I was diagnosed in Fall of 2010 with stage IV melanoma. My support was my family. My mother took me in and cared for me during my treatment. I would say the best advice I can give is to get to a melanoma specialist. This is not an ordinary cancer and truly needs a specialist. My medical team was truly amazing and they saved my life! They consisted of Dr. Omid Hamid at the Angeles Clinic and Dr. Morton at the JOhn Wayne Cancer Center in Santa Monica, CA. These men are dedicated and very-very good at what they do! Lots of prayers helped as well....I was very sick.
Skin Cancer - Melanoma Questions
- Questions Emailed to WhatNext
Melanoma skin cancer, how did you survive?
Asked by WhatNextEmails on Monday, March 11, 2013
Melanoma skin cancer, how did you survive?
We need your help. This month we are putting together a collection of articles for those newly diagnosed on what actions survivors took to beat their specific type of cancer. Please take a few minutes to share your experiences and advice for those newly diagnosed, and your posts might just get included in our articles. Feel free to share whatever comes to mind. Here are some more specific questions to help get the juices going: What kind of support did you have? Were there things you did that really made a difference? How do you go about finding your medical care team? Who made up your team? What resources did you find that were most helpful to you?
4 Answers from the Community
I was diagnosed in summer of '12 with stage III melanoma. Surgery removed the tumor with clear margins. This was discovered at a routine dermo visit and not because of any symptoms. I have opted not to do any further treatment at this time outside of monitoring. I do dermo checkups and blood work every three months and scans every 6. All clear with perfect marks in all areas so far.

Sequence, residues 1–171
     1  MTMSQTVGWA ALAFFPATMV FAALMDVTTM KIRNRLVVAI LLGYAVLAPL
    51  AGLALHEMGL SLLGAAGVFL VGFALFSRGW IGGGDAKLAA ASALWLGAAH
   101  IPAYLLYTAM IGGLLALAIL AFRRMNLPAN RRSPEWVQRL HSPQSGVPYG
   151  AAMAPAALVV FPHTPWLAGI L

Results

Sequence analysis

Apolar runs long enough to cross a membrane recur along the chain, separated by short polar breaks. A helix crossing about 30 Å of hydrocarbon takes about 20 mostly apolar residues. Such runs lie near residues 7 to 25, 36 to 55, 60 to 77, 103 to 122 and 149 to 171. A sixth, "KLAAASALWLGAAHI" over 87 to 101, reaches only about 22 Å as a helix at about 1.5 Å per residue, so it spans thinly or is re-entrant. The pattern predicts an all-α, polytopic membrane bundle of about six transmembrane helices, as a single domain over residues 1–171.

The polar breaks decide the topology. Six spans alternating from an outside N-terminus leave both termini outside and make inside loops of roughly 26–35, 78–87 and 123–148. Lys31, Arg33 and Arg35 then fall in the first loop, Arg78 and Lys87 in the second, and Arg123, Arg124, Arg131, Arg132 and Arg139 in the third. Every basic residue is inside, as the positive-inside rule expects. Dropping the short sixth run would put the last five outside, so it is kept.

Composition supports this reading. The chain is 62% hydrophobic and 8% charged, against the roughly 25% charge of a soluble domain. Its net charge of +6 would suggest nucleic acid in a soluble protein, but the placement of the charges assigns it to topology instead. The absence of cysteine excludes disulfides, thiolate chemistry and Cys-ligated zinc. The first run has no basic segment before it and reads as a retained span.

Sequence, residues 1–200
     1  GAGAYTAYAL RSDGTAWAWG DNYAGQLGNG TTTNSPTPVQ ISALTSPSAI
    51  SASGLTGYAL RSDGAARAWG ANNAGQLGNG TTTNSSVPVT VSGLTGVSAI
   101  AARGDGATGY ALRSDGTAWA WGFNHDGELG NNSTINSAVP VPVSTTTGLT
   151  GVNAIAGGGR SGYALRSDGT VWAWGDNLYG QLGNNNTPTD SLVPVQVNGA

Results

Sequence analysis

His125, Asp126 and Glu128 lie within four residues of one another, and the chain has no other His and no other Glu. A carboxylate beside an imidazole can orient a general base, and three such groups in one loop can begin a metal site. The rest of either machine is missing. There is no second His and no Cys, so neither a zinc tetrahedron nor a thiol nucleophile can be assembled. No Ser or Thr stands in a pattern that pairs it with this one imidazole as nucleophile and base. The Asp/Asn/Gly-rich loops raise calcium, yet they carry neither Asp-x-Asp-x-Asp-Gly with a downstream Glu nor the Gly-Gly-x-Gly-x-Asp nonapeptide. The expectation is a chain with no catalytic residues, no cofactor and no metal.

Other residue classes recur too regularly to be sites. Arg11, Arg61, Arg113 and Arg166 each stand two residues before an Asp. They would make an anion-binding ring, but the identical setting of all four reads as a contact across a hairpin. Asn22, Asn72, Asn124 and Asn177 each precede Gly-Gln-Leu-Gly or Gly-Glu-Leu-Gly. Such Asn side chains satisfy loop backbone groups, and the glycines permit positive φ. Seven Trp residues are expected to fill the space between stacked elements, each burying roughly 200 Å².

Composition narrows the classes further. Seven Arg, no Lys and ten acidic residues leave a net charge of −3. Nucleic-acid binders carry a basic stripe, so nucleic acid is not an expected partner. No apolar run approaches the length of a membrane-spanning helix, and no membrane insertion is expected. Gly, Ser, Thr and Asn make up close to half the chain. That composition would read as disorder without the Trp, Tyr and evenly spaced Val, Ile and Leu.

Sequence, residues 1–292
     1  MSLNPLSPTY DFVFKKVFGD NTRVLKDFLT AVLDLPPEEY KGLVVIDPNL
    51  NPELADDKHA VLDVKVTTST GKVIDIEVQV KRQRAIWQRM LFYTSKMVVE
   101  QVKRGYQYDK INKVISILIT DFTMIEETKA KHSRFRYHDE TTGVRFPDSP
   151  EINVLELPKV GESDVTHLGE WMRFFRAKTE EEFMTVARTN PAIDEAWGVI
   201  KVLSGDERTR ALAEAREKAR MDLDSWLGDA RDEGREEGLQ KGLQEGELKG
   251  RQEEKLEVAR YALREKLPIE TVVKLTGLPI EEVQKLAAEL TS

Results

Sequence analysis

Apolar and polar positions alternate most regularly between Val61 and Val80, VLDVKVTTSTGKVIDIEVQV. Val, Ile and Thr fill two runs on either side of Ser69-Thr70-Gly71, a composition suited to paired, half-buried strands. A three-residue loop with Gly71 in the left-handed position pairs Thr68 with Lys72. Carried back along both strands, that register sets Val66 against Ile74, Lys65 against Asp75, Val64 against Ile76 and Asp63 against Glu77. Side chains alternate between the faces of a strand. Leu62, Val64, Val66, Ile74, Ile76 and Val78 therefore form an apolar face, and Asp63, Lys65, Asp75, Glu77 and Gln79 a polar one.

I chose this path for a variety of reasons: There really isn't that much out there other than interferon (the other drugs on offer don't promise any better results or lesser side effects) and I have a high intolerance to pharms across the board. Only one node out of 27 showed signs of cancer. Very healthy outside of this with a history of non-illness (don't even get the flu without flu shot (but last flu shot I had put me in bed for three weeks)). No family history of cancer or serious illness with average life span into late 80's mid 90's. No unhealthy habits to break and none in my past.
This was my decision based on my personal experience (past surgeries for broken bones, reactions to basic injections as a child and adult, resistance to common and not so common diseases, health history in general) and not taken lightly. I would urge everyone to make their own decision based on what they feel is right for them and not based on someone else's experience or decision.
I am a Stage IV melanoma patient, first diagnosed in 1990. By 2008, the cancer had spread viciously, and my prognosis was grim. Throughout my ordeals, I insist on joyful living. I have relied on standard medicine, and I make no claims that my own activities have increased my longevity, but if fun boosts my immune system, then I am helping myself. My doctors are surprised that I keep crawling back from the abyss. They say, "Whatever you're doing, keep doing it."
My joys are many, even after struggling through 5 surgeries (2 brain surgeries), 2 kinds of radiation, and 2 kinds of immunotherapy (interleukin-2 and Yervoy, also called ipilimumab.) Outdoor activities lift my spirits. I love tent camping, downhill skiing, hiking, and swimming in clear lakes and rivers. I throw myself into ecstatic (improvised) dance, and I gently stretch weary bones with yoga. I play electric guitar as an avid hobbyist. I spent a rewarding year as caregiver to my mother and stepfather during their final days.
A support group for women with late stage cancer gives me a weekly haven for sharing triumphs and tragedies. There, I learn from others' struggles, and I laugh heartily and grieve deeply.
I plan for the future. I survived long enough to take a solo, cross-country tent camping trip which I wrote about in my book, Melanoma Mama: On Life, Death, and Tent Camping. I also squeezed in a dream-come-true trip to Italy where I studied Italian in a language school, and lived with an Italian family.